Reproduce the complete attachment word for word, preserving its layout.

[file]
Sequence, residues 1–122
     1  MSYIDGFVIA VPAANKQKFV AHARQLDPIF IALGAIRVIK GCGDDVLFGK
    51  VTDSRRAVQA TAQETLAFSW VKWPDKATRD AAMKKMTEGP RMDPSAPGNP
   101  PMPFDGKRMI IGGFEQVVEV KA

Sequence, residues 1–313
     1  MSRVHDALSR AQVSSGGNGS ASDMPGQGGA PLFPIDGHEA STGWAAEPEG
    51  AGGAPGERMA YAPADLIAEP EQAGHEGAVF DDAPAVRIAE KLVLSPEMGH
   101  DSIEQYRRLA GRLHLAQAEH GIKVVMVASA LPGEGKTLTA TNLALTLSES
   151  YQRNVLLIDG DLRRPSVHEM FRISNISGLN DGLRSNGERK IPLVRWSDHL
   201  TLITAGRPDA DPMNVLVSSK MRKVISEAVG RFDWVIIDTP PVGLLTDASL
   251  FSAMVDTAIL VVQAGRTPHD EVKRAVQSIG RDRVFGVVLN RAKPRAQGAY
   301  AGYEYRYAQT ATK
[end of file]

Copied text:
Sequence, residues 1–122
     1  MSYIDGFVIA VPAANKQKFV AHARQLDPIF IALGAIRVIK GCGDDVLFGK
    51  VTDSRRAVQA TAQETLAFSW VKWPDKATRD AAMKKMTEGP RMDPSAPGNP
   101  PMPFDGKRMI IGGFEQVVEV KA

Sequence, residues 1–313
     1  MSRVHDALSR AQVSSGGNGS ASDMPGQGGA PLFPIDGHEA STGWAAEPEG
    51  AGGAPGERMA YAPADLIAEP EQAGHEGAVF DDAPAVRIAE KLVLSPEMGH
   101  DSIEQYRRLA GRLHLAQAEH GIKVVMVASA LPGEGKTLTA TNLALTLSES
   151  YQRNVLLIDG DLRRPSVHEM FRISNISGLN DGLRSNGERK IPLVRWSDHL
   201  TLITAGRPDA DPMNVLVSSK MRKVISEAVG RFDWVIIDTP PVGLLTDASL
   251  FSAMVDTAIL VVQAGRTPHD EVKRAVQSIG RDRVFGVVLN RAKPRAQGAY
   301  AGYEYRYAQT ATK